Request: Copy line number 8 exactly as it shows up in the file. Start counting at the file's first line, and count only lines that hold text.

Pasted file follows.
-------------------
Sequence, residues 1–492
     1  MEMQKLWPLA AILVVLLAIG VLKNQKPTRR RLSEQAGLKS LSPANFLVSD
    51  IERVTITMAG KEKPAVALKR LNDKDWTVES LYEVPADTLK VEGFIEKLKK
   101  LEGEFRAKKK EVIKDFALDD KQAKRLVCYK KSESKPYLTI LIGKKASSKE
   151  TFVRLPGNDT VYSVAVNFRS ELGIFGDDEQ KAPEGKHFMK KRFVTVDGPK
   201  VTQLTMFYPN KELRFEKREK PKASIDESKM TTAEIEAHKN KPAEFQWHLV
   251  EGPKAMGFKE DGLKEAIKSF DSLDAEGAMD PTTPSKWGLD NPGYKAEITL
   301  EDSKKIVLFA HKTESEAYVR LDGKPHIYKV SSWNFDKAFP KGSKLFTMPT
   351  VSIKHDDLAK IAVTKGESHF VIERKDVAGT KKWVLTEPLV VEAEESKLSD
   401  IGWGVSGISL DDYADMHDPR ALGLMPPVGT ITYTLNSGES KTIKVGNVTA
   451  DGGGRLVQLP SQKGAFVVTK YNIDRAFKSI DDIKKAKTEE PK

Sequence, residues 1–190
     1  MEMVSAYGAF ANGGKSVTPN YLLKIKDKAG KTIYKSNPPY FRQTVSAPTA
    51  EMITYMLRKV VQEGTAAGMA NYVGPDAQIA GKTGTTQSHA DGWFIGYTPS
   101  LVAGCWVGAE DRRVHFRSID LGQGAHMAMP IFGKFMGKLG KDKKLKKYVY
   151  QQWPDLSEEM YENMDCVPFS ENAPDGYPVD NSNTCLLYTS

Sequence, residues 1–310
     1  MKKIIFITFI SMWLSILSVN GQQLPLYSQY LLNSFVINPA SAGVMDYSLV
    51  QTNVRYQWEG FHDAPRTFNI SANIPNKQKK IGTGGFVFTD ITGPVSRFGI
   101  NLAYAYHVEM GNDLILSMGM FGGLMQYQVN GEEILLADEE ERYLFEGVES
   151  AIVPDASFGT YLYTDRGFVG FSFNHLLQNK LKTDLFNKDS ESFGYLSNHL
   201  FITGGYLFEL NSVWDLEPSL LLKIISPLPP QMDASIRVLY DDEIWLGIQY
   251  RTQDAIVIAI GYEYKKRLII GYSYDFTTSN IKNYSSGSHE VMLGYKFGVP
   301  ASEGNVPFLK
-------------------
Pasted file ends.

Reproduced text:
   301  EDSKKIVLFA HKTESEAYVR LDGKPHIYKV SSWNFDKAFP KGSKLFTMPT